USD/JPY Fundamental Daily Forecast – Global Market Recovery Pressuring Demand for Safe-Haven Yen

The early price action on Tuesday suggests short-covering in the USD/JPY is taking place due to the strong recovery overnight in global equity markets. This is driving up demand for higher-risk assets, driving down demand for the safe-haven Japanese Yen.
James Hyerczyk

The Dollar/Yen is trading higher for a second session on Tuesday, driven by a strong recovery in global equity markets and solid U.S. economic data from Monday. Yesterday, the Forex pair showed little reaction to an extremely volatile U.S. stock market session.

Two days ago, the Forex pair was pressing the downside and facing a potential steep decline, however, the rapid two-day recovery has placed the Dollar/Yen in a position to change the trend to up on the daily chart and potentially breakout to the upside.

At 0602 GMT, the USD/JPY is trading 112.657, up 0.275 or +0.25%.

Although the USD/JPY is seen as a safe haven currency during times of market stress, traders showed little reaction to Monday’s extreme stock market volatility. Perhaps investors are looking ahead to the Bank of Japan’s monetary policy meeting on Wednesday.

Traders expect the Bank of Japan to leave policy unchanged at its October 31 meeting. The BOJ’s policy board will likely revise down slightly its macro forecasts. However, it is not expected to begin raising rates for a considerably long time due to continued downside risks to growth and inflation.

In U.S. economic news on Monday, the Core PCE Price Index came in higher than expected at 0.2 percent. Traders were looking for 0.1 percent. Personal Spending came in as expected at 0.4 percent. However, Personal Income failed to meet expectations with a reading of 0.2 percent versus a 0.4 percent forecast.

The data showed that U.S. consumer spending rose for a seventh straight month in September, but income recorded its smallest gain in more than a year on moderate wage growth, suggesting the current pace of spending was unlikely to be sustained.

The report from the Commerce Department on Monday also showed the increase in income at the disposal of households was the smallest in 15 months and savings dropped to their lowest level since December last year. The data also suggests that stimulus from the Trump administration’s $1.5 trillion tax cut package may have peaked.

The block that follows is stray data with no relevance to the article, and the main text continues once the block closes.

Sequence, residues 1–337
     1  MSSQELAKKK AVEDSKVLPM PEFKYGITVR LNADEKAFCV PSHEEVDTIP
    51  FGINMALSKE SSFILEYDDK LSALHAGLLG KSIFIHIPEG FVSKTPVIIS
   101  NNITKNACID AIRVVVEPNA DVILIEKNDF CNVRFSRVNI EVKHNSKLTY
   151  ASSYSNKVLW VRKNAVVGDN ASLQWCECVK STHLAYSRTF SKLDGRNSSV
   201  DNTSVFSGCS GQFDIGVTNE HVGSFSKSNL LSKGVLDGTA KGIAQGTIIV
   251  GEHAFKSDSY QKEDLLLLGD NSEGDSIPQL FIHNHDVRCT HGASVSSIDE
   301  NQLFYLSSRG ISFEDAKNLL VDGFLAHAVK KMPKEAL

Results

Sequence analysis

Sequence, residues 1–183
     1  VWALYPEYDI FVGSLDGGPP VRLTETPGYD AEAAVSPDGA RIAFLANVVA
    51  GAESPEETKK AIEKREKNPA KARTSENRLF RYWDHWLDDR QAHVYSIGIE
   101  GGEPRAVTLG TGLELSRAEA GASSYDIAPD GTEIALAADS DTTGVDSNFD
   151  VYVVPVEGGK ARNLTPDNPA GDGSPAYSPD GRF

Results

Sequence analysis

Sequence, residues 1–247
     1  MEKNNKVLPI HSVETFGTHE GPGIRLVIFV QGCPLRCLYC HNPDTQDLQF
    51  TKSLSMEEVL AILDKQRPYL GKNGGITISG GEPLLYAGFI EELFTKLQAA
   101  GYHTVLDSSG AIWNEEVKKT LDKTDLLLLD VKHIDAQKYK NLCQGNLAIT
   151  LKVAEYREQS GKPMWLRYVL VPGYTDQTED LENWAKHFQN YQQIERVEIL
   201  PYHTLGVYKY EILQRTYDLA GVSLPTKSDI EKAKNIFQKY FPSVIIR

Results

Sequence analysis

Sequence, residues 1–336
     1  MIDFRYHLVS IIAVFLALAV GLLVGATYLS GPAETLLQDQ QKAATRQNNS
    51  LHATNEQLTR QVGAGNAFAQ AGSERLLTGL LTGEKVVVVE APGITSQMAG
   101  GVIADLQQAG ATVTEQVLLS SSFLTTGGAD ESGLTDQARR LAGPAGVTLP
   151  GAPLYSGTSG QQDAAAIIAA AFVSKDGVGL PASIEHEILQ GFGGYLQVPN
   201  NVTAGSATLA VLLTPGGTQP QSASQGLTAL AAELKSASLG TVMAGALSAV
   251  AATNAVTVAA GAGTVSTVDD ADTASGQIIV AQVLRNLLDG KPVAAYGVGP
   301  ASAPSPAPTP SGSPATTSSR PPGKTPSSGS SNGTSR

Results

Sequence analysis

The personal consumption expenditures (PCE) price index left the year-on-year increase at 2.0 percent for a fifth straight month. It hit the U.S. central bank’s 2 percent inflation target in March for the first time since April 2012.

Early Tuesday, the Japanese government announced that the seasonally adjusted unemployment rate fell to 2.3 percent in September from 2.4 percent in August. However, investors said this news shouldn’t have much of an effect on Japanese stocks since many companies derive most of their earnings from overseas activities.


The early price action on Tuesday suggests short-covering in the USD/JPY is taking place due to the strong recovery overnight in global equity markets. This is driving up demand for higher-risk assets, driving down demand for the safe-haven Japanese Yen.

The rally in the USD/JPY came about after a rally in the mainland Chinese stock market started after the country’s securities regulator said it would improve market liquidity and guide more long-term capital into the market. The China Securities Regulatory Commission turned the market higher after it said it will encourage share buybacks and mergers and acquisitions by listed firms, reduce unnecessary interference in trading, and create a level playing ground for investors.

Traders will also get the opportunity to react to U.S. data on S&P/CS Composite-20 HPI and Conference Board Consumer Confidence.

The daily chart indicates that the USD/JPY trend could change to up on a trade through 112.884. This could trigger a strong breakout to the upside if there is volume behind the move.

But volume could be suspect today ahead of Wednesday’s Bank of Japan monetary policy meeting.

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